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Part 1: Local Authority Regeneration & Appropriation

29 June 2023
Many regeneration projects are stuck due to unsuitable land.  Appropriation is a key tool to help local authorities unlock land for regeneration. Read on to discover our practical approach to appropriation…

Local authorities are coming under increasing pressure to deliver more regeneration projects.  In our experience, some local authority regeneration projects have struggled to get off the ground because, for example:

  • the land is allocated for a specific statutory purpose; or
  • redevelopment use is a breach of restrictive covenant(s); or 
  • easements over the land prevent redevelopment. 

The DWF Public Sector Real Estate Team have helped public sector clients overcome such issues to deliver successful regeneration projects.  Appropriation is a key tool in the local authority tool box.  We have prepared two articles to take the stress out of appropriation.

Part I is an overview of local authority statutory powers and the benefits of appropriation to redevelopment.  Part 2, in next month's newsletter, will focus on Development & Disposal.

What is appropriation? 

In its simplest terms, appropriation occurs when land with a specified purpose is changed from one purpose to another.  

The two most common forms of appropriation are: 

  • General Power 
    Section 122 of the Local Government Act 1972 provides principal councils with a general right to appropriate land.  The council can only appropriate if its owns the land and the land is no longer required for the purpose by which it is currently held.  The council must consider the public need.  The council's decision can be challenged if the decision is made in bad faith or if it was a decision that no reasonable council would have taken.  There are no statutory requirements to advertise or consult unless the land is designated as special category land, for example allotment land.  
  • Appropriation of Land for Planning Purposes 
    Section 226 of the Town and Country Planning Act 1990 permits a local authority to acquire land within their area compulsorily for planning purposes.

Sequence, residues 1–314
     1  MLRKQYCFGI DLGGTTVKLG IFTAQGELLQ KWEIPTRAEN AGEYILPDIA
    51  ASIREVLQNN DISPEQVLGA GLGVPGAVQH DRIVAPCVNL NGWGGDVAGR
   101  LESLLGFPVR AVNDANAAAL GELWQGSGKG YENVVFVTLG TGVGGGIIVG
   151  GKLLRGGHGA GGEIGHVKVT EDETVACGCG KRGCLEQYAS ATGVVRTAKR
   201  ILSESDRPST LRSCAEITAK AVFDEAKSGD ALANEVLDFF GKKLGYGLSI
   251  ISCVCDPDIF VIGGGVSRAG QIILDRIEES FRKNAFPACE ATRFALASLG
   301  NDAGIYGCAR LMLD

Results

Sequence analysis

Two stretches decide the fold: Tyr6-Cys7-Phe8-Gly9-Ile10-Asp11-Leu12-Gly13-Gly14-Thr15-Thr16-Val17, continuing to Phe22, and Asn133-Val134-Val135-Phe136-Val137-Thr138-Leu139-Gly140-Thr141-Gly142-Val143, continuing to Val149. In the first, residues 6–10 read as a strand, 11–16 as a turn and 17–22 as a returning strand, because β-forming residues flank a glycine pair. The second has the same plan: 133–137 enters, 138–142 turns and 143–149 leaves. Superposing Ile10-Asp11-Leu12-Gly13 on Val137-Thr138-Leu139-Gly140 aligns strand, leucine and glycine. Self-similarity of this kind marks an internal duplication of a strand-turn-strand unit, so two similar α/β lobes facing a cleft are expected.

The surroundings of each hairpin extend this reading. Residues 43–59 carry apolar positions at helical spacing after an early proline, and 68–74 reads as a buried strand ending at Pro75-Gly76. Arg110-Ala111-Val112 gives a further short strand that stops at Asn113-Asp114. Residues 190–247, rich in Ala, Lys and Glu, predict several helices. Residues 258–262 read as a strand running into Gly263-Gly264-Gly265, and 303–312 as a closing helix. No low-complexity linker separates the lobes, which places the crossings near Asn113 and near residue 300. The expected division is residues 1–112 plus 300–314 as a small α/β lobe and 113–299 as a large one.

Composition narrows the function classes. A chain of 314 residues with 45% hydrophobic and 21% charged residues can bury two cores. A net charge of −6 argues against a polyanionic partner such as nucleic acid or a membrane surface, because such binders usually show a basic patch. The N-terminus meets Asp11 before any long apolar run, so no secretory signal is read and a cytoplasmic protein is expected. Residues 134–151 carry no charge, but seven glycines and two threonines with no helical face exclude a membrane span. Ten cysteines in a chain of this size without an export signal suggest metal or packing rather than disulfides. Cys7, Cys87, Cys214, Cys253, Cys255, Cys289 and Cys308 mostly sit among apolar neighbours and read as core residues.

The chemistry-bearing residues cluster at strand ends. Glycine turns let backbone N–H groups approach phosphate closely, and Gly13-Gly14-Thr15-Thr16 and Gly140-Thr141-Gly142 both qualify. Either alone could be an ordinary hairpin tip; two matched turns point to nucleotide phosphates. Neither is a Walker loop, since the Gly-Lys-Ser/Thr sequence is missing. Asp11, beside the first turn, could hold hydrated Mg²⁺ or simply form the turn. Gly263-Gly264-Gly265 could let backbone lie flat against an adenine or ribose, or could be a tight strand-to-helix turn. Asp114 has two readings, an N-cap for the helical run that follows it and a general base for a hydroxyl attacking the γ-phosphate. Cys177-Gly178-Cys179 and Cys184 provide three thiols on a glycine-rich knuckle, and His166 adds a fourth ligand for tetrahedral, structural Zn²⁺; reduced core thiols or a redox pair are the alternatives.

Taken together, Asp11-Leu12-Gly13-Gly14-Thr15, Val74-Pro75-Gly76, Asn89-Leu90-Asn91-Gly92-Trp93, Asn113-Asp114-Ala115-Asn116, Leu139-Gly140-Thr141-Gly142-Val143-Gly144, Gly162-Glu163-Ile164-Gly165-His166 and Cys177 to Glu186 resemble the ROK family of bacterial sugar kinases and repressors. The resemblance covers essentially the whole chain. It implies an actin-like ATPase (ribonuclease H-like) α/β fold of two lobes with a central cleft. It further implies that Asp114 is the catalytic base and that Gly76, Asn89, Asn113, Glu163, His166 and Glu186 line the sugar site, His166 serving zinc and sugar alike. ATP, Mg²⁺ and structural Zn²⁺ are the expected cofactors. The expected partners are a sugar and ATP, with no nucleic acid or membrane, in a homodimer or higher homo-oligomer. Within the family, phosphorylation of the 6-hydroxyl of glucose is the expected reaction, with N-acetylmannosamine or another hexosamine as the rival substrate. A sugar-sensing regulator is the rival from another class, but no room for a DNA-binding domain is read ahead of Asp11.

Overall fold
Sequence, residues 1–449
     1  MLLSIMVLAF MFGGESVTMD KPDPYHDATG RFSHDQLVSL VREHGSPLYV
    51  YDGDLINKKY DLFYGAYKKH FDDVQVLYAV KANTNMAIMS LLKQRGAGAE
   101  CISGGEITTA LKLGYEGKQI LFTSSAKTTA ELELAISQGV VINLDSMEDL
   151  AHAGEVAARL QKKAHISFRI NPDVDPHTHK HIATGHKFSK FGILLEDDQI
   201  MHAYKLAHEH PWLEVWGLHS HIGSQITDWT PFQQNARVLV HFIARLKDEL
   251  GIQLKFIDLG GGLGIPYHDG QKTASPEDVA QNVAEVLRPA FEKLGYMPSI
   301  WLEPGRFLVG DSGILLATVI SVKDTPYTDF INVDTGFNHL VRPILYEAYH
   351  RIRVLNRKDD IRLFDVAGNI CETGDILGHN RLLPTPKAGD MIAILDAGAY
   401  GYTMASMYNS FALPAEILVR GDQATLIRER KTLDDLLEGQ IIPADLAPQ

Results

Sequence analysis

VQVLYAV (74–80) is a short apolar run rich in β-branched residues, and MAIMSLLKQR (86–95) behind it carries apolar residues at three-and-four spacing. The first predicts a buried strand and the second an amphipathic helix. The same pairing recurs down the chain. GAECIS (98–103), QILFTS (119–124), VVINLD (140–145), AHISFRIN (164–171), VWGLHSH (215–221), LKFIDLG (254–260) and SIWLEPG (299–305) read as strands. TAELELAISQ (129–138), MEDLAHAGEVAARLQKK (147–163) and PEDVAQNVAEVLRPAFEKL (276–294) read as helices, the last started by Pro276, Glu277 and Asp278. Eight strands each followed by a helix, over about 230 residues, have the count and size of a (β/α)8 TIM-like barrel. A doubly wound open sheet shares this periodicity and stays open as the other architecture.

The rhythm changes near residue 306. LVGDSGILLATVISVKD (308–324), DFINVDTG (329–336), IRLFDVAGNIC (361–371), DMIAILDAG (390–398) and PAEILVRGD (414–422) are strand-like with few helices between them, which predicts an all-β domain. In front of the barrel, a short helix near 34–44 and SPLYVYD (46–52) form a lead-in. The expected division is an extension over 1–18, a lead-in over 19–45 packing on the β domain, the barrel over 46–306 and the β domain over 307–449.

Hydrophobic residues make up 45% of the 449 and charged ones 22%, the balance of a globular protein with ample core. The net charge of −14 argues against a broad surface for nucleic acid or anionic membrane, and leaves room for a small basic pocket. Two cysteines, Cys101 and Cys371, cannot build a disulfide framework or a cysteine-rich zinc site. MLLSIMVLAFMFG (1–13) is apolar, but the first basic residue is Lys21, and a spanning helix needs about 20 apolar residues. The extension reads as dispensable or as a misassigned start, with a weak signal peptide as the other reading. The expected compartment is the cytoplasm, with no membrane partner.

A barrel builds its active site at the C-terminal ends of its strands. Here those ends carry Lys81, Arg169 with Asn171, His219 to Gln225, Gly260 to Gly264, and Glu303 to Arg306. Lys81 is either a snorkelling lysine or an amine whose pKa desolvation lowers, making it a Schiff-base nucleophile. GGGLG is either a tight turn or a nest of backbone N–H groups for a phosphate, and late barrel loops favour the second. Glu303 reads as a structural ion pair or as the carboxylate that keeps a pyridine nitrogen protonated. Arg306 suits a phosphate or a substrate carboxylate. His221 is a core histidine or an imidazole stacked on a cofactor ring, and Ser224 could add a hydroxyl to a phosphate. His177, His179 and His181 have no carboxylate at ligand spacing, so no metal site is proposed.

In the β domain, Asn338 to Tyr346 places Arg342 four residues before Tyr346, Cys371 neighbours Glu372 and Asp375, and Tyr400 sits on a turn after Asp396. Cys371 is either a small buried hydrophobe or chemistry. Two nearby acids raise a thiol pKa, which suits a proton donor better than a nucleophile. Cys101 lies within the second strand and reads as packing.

What does planning purposes mean?

There is no statutory definition for the term and instead the local authority should consider whether the acquisition or appropriation will lead to the development, re-development or improvement of land which is likely to align with the local authorities economic, social and environmental wellbeing of the area, OR the acquisition or appropriation is in the interest of the proper planning of an area. 

Benefits of Appropriation: Unlocking land for development 

If a local authority has validly appropriated land for planning purposes, a local authority can override land rights subject to the restrictions set out below.  The power is set out in Section 203 of the Housing and Planning Act 2016 (HPA2016).  The power to override extends to any person deriving title under the local authority following a disposal.  

Section 203 HPA2016 permits local authorities to erect, construct, or carry out or maintain any building or work on land that has been acquired or appropriated by it for planning purposes, or use such land (provided there is planning permission), even if that work or use involves overriding an easement or breach of restrictive covenant.  

To ensure there are checks and balances in place for local authorities using appropriation, the following restrictions on appropriation apply:

  • planning permission must have been obtained for the works or use of the land;
  • the works or use of the land is for the purposes for which the land was appropriated;
  • if the local authority doesn't own the land, the local authority could acquire the land in question compulsorily for the relevant works or use the land permitted by the relevant planning permission 

Please note the owner of the dominant land with the benefit of the right will have a claim for compensation.  

If you are considering disposing of local authority land and would like specific advice contact Michelle Knight and Andrew Batterton.

Further Reading